4 min. read — March 24, 2022
As a student at St. Anselm's, I always found myself in the middle of the pack. I got good, but not great grades and even struggled in a few classes. I was invariably failing Latin during the first month or so and had to struggle the rest of the year to bring my grade back up to something respectable. And Dr. Wood can tell you how I almost never managed to turn a physics lab in on time. I was a triple sport athlete, but not a top performer most of the time. It was only in my senior year that I finally managed to make the top-5 for the cross country team and the only matches I ever won in wrestling were exhibition matches. I did manage to win races in track, and even held a School record for many years, but that was in the 110m hurdles and I was literally the only dedicated hurdler in the entire league. Everyone else in these races was a sprinter, usually much faster than me, who was slowed down enough by their clumsy way of getting over the hurdles that I could beat them over the course of the whole race. All of this taught me a great deal of humility and a decent work ethic.
When I got to college, however, I found myself extremely well prepared for the academic side of college life and I excelled in all my classes. Indeed, one might even say I did too well in some of them. During my freshman year, I maintained a curve-breaking high grade in introductory Chemistry while falling asleep in roughly half of the classes (in my defense, it was an 8am class). As much as I had struggled with Ms. Lewis's 11th grade Chemistry class here, I had learned the basics of Chemistry well enough that even two years later, I could coast on what she had taught me. During my sophomore year, a similar thing happened with my introductory Physics course. Dr. Wood's AP Physics course had taught me so much that I could play interpreter for my classmates when the professors' lectures or lab instructions were particularly obscure to them. The only sport I continued in college was cross country, and I was decidedly a back-of-the-pack runner, but running and other sports were rapidly becoming a social activity for me in which performance wasn't really the point; it was the time spent with my friends that mattered. As a result, I tended to discount those experiences when it came to evaluating my own abilities and paid attention only to what was going on in the classroom, where I was doing so well that I forgot some important lessons that I learned while at St. Anselm's.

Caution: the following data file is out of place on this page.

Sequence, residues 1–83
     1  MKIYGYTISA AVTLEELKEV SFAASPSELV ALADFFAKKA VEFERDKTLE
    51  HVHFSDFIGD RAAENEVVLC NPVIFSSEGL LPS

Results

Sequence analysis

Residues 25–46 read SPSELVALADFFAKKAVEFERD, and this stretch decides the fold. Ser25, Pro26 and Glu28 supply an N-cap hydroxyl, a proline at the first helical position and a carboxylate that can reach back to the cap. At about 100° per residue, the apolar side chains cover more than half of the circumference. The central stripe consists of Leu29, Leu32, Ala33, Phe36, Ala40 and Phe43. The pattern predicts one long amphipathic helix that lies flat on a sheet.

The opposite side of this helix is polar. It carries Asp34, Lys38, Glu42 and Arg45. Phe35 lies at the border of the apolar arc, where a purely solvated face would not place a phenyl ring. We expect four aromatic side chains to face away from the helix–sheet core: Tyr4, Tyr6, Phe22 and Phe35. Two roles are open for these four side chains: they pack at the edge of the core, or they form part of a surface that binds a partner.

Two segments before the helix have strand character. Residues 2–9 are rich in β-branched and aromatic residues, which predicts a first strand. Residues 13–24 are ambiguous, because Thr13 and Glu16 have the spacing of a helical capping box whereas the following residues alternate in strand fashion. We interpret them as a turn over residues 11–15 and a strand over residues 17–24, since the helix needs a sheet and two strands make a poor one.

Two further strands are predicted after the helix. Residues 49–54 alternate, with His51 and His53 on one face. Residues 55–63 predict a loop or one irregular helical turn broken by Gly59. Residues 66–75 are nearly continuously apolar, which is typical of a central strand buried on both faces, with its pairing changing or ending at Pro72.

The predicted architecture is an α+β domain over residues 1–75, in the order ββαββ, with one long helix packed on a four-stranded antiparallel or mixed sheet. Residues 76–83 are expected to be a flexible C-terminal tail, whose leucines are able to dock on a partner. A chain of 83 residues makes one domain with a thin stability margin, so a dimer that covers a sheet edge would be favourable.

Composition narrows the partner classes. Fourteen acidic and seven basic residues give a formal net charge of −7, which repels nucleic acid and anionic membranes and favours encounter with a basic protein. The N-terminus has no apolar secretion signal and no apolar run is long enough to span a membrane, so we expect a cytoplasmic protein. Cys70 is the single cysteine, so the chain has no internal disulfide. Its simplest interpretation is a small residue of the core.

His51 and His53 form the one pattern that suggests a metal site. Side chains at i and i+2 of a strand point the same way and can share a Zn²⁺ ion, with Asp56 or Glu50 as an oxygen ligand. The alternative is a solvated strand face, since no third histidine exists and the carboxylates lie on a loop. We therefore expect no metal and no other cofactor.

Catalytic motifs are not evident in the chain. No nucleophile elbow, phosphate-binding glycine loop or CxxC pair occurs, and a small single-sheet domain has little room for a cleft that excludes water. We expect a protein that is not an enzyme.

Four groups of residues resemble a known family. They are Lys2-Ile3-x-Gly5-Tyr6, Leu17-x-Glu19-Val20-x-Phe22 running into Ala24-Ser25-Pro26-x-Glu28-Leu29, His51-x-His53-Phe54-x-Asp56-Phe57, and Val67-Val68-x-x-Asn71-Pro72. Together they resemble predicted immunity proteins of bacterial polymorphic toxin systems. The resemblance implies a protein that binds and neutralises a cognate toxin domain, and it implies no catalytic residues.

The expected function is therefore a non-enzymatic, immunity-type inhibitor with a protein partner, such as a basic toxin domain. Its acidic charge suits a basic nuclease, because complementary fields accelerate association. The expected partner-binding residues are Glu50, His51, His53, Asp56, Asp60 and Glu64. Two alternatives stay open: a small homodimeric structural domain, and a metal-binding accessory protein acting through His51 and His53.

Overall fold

Without the challenge that the courses and teachers here had provided, I began to take my scholastic achievements for granted and took on more and more classes without really considering my limits. By the time I reached my senior year, this all caught up with me and the only reason I didn't fail an independent study I'd signed up for was because the professor took pity on me and gave me an Incomplete that allowed me a few extra weeks to finish everything up. It caught up with me again in graduate school when I didn't take my first pass at the comprehensive examinations seriously and failed the first time, not because the material was beyond me, but because I simply didn't try on some of the problems, figuring I'd get them next time. In the end, it wasn't until my third set of comprehensives (and at a totally different school after the first one kicked me out for failing twice) that I finally passed that particular hurdle.
Limits: we all have them and it is important to recognize that. This School, with all its myriad challenges, pushes us to find our limits and stretch them as much as possible. Our limits, after all, are a moving target: what is beyond our grasp at one time, may be within it after a bit of preparatory work. However, our ability to stretch our limits doesn't mean they aren't there. Some things are simply beyond our current abilities or available time. My time as a student at St. Anselm's had taught me these things, but in a less challenging environment, I'd neglected those lessons and paid the price. Now that I'm back here as a teacher and monk, I find that I'm relearning those lessons I first learned some 25 years or so ago.